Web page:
Milligan had said he wanted to be the redeveloper but “then within days” was trying to sell the properties at a profit, and that “reflects insincerity relative to the intent to be the redeveloper,” Sheehan said. He went on to say that Milligan has no plan for the properties.
Rubin asked if there was any conduct by “the Milligan defendants” that predated the transfer that was immoral, unethical or unscrupulous.
“For me, one of the larger issues is that if Wall Street Opportunity Fund wanted to acquire the property and they had understood the requirements under the LDA, which they obviously did…what was the hesitation on the part of ILSR and Wall Street Opportunity Fund in disclosing that to the Redevelopment Agency and seeking approval?” Sheehan said. “It’s the secret nature of what was being contemplated between ILSR and Wall Street Opportunity Fund and the shadow that they cast that deal under.”
Rubin pointed out that an unauthorized transfer was contemplated in the LDA and questioned how it could be “unfair, immoral and unscrupulous if it actually happens.”
“You tricked me,” Lee said to Rubin. “I misunderstood what you said in our initial hearing when you said there are rights to an unapproved sale. But, yeah, these things happen, so do breaches of contract and all these other things. There are remedies, it doesn’t mean they’re allowed. I think, you really mentioned, the key to this whole case is why not follow the procedure? That’s what I haven’t heard anything about. Now hopefully Mr. Milligan can take the stand and explain, why not just do what you are supposed to do? Why do all this?”
“Is not following the procedure unethical, unscrupulous and immoral?” Rubin asked Lee.
“You’ll have to ask (Sheehan),” Lee replied. “I’ll tell you later.”
Rubin later pressed Sheehan on Wall Street-area blight, asking why the Agency objects to Milligan renting out storefronts and adding life to the street.
“The bottom line with this is the redeveloper shouldn’t be out leasing the existing space, they should be out trying to purchase the properties to effectuate the development,” Sheehan said.
“This is a blighted area for the last 14 years, where nothing has gotten done and you have somebody that is putting in vibrant tenants into a neighborhood, that can coexist at the same time, while it is pursuing redevelopment status,” Rubin replied.
Sheehan’s testimony began Wednesday with Rubin pressuring him to explain New Street, a pedestrian plaza shown on the plans as going through existing buildings next to POKO, at one point suggesting that the City would have to take those buildings to create the street.
“Is it fair to say that there is a road that needs to be constructed in connection with phase I in order to complete phase I?” Rubin asked.
“New Street is considered a phase I construction improvement, infrastructure improvement, under the LDA,” Sheehan replied.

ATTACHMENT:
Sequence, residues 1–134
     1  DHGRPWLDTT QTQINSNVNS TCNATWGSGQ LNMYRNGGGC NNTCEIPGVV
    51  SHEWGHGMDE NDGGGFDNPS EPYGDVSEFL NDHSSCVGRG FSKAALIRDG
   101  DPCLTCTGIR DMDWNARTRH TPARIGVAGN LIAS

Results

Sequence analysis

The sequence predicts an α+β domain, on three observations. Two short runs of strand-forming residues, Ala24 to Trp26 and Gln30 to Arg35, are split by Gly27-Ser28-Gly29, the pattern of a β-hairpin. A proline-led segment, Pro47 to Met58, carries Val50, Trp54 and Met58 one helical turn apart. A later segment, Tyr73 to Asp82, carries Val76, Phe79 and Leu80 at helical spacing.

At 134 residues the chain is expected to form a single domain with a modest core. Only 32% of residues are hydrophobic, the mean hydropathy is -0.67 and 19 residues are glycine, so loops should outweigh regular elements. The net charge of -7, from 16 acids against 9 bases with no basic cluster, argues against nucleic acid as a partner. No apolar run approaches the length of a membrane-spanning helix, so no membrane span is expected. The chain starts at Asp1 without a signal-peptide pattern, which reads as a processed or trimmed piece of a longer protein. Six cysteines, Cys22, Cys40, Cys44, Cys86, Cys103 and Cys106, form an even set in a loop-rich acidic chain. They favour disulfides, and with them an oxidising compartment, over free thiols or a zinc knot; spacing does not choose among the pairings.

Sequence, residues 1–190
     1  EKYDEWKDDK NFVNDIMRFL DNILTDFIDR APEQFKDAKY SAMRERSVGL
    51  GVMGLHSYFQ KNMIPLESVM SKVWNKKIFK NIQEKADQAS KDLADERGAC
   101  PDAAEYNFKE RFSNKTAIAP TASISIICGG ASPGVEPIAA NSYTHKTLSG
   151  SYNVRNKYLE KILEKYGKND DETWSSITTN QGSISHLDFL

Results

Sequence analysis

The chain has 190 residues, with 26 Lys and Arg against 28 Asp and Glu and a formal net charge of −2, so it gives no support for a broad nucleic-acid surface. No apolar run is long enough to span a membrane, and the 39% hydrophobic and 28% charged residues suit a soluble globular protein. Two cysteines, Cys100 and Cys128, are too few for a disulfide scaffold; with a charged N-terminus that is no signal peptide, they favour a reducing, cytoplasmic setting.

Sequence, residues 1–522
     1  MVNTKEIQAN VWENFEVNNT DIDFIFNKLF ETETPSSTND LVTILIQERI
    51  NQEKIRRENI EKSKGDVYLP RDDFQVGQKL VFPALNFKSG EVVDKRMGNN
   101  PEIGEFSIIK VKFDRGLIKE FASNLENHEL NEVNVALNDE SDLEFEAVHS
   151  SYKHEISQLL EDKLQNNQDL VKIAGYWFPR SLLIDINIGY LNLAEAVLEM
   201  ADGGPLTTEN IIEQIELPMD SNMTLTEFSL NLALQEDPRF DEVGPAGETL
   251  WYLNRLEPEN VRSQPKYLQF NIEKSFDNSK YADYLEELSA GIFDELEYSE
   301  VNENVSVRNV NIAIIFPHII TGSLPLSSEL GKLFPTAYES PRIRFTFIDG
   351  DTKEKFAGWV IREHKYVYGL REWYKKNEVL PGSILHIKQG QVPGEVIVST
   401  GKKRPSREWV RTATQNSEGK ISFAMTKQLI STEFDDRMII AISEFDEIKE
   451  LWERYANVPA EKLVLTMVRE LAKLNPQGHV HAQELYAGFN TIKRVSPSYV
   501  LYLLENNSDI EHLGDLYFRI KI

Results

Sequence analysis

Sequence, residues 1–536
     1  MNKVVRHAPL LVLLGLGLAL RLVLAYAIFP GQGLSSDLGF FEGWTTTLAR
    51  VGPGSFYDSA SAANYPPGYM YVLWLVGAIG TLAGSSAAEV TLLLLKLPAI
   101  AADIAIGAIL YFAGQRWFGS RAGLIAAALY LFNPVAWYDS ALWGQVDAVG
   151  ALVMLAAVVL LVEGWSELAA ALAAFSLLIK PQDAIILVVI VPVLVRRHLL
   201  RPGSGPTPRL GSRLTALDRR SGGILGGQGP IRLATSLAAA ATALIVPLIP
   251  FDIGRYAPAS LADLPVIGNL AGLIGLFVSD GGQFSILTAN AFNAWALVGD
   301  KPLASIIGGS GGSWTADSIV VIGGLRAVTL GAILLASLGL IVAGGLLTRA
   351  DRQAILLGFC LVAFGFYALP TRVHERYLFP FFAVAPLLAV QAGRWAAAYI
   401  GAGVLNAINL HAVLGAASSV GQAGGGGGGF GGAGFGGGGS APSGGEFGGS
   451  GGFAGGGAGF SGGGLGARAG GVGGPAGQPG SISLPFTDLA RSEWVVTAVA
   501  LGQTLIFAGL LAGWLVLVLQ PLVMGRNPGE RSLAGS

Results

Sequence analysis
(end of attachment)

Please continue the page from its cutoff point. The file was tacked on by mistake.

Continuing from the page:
“So the answer is yes?” Rubin replied.
“Can you repeat your question?” Sheehan shot back.
“Is it fair to say, is it correct, to say the New Street needs to be completed as part of phase I?”
Redevelopment Agency Attorney Joe Williams objected, calling that ambiguous as the question did not identify who would be responsible for building New street, and the Sheehan/Rubin duo was off to the legal races, with Rubin asking, “The construction of the new street under exhibit the LDA… is part of phase I, correct?” and Sheehan replying, “It’s a phase I infrastructure improvement and in the LDA itself there is a lot of flexibility given with regards to public infrastructure related to the project.”
“Does the new street need to be completed in order for them to be a certificate of completion issued in connection with phase I?” Rubin persisted.
“My answer to that would be no,” Sheehan replied.
Rubin continued trying to get Sheehan to say that the project can’t get a certificate of completion or a certificate of occupancy as-is, pressing on details such as utilities and Wall Street parking.
A plan developed by POKO to realign the parking on Wall Street is in a “final review” by the Parking Authority and its consultant “before implementation,” Sheehan revealed. He surprised Rubin by telling him that some infrastructure improvements had been completed.
Traffic signalization work had been done, Sheehan said.
After nearly two hours of Sheehan’s laborious testimony, Rubin got the answer he was looking for.
“My question is subject to a yes or no, really,” Rubin said. “Can a CO be issued for phase I based on the properties currently controlled by the phase I owner under the existing plan?”
Williams objected, stating that the question had been asked and answered. Lee stepped in and listed issues Sheehan had identified, reasons why the certificate would not be issued.
Sheehan agreed the list was accurate.
“The answer is no, then,” Rubin said.
“It is no, right?” Lee said.
“The answer would be no,” Sheehan said.
“There we go,” Lee said.
So, no, if the construction on Phase I were completed in accordance to the plan the construction began under, the project would not be given its certificate of completion.
The day had begun with Sheehan announcing that there’s probably 14 months of construction left on Phase I.
He said, “I think public parties are very focused on moving this project forward and would do anything they could to expedite any changes that they needed to do that the public parties are in agreement with.”